Another Lodge Building Facing Destruction

“Masons built the temple in 1927 on a $31,500 budget. For most of its early years, the temple was the largest building in Concord that people could rent for social functions”

It seems this is the future and demise of so many former lodes, including my own here in Southern California, and abroad. We live in an era that is disinterested in preserving the past and interesting in crowding as many people in as possible. “DeNova Homes wants to tear down the 79-year-old Temple of Mt. Diablo Masonic Lodge to make way for 220 condos on the corner of Galindo Street and Concord Boulevard.” Despite the best efforts of the historic society to preserve the structure, it still faces destruction to make way for a reinvigorated downtown.

“‘We want to see a downtown area very lively during the evenings and not vacant,” said Mayor Susan Bonilla. “When you have people living downtown, you achieve that.'” Freemasonry here seems to be the dinosaur because it is not drawing the crowds it did 40 years ago. No longer do local weddings, dances, or evening entertainment play to the local residences. It seems more that the building is perceived as blight on the community rather than an asset. It leaves me to wonder, whose fault is that? Is it the lodges, is it the communities, is it anyone’s at all, or is it just a victim of time?

A great example of this is the Detroit Masonic Temple, what is in an epic fight for its survival. The owners have worked diligently to preserve the temple from destruction by offering a variety of venues for performance and parties. Will it be enough for them? Would it be an alternative for the Contra Costa County Lodge building? In the end, it’s a shame to see a temple fade into the obscurity of history.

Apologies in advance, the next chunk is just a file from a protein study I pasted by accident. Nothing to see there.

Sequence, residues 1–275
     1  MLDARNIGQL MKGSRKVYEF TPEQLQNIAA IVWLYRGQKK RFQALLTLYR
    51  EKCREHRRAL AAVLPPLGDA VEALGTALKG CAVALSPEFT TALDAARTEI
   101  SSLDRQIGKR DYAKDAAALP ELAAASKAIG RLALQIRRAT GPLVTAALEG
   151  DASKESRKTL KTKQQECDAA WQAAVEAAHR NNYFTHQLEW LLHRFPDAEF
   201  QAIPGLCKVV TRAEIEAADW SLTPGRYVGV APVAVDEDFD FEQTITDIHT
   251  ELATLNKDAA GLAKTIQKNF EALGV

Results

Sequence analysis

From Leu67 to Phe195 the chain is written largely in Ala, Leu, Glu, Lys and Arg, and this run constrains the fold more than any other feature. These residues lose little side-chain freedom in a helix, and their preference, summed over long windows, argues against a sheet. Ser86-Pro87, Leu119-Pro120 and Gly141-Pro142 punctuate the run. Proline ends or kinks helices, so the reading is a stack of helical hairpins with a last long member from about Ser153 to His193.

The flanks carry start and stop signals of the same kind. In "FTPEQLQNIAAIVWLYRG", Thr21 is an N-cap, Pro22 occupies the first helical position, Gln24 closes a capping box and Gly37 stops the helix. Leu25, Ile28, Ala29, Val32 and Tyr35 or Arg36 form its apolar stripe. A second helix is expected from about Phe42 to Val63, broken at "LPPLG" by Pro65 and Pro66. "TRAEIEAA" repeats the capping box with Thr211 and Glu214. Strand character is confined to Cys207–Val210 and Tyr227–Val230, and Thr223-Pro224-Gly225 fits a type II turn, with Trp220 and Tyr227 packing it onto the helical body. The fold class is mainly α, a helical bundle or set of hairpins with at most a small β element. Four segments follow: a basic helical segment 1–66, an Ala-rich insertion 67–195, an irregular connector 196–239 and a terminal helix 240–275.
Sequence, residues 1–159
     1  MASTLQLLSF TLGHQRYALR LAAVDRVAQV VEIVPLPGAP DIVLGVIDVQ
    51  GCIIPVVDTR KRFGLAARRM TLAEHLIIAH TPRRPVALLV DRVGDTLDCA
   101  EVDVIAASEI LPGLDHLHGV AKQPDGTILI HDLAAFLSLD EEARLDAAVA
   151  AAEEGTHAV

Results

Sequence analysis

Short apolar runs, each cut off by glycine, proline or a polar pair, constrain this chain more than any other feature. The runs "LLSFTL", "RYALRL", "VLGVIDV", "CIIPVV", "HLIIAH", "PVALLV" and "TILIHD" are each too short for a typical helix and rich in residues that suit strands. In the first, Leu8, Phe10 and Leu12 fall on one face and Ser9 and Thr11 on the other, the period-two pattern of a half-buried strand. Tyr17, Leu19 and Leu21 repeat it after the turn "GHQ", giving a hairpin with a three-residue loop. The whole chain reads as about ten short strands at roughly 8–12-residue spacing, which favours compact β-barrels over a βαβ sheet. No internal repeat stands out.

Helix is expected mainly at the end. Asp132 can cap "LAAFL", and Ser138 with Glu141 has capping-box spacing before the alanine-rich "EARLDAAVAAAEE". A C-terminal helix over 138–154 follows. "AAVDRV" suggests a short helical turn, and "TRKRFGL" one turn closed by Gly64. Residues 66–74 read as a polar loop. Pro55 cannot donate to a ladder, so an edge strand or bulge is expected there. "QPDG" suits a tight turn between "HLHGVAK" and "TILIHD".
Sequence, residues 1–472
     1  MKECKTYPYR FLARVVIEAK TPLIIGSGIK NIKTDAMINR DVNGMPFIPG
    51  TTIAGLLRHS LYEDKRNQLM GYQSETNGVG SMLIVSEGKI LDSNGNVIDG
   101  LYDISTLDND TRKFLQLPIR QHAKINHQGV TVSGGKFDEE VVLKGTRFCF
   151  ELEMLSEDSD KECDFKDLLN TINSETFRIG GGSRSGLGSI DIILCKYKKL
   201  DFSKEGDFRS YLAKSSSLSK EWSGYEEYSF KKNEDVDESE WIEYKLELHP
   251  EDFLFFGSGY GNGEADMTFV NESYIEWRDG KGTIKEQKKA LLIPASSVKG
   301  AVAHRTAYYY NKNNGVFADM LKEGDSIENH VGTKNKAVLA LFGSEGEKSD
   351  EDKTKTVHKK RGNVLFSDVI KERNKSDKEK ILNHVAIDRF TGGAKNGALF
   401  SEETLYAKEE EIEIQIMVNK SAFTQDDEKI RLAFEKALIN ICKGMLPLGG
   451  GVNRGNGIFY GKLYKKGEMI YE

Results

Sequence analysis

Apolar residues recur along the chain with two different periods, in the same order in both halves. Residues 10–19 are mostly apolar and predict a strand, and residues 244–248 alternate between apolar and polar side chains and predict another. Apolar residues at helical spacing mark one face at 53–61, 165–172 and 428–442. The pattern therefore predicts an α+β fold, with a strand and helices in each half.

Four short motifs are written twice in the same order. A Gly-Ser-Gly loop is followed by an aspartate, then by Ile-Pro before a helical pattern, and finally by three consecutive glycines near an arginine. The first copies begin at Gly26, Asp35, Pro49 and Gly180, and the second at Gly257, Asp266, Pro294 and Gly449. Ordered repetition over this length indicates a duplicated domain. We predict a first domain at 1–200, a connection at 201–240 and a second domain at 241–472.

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~ by Greg on February 11, 2006.

One Response to “Another Lodge Building Facing Destruction”

  1. Wow, I had never heard of this temple before! The temple I meet at, The New Masonic Temple, was dedicated a month earlier in October 1926. It too, is 14 stories tall but has ‘only’ 6 million cubic square feet of space. It has an auditorium that would seat over 3,000 and a dining room (planned) that would have seated 3,500. This is the 80th year anniversary for both buildings.

    Ours is more or less safe since it is paid for and there is a trust. The real problem we face is upkeep. Right now I am trying to raise awareness in the Masonic community.

    On March 11th the Grand Lecturer of the Grand Lodge of Missouri will be holding a lodge of instruction at the building. It will be such a incredible experience to be in the lodge room with hundreds of Masons!

    I am currently gathering information for an educational lecture that I plan to deliver all across the state of Missouri about the building of the temple. Our temple was built through donations from individual Masons throughout the state over a course of a decade of fund raising.

    Here is a link to a small web-page I am starting about it.

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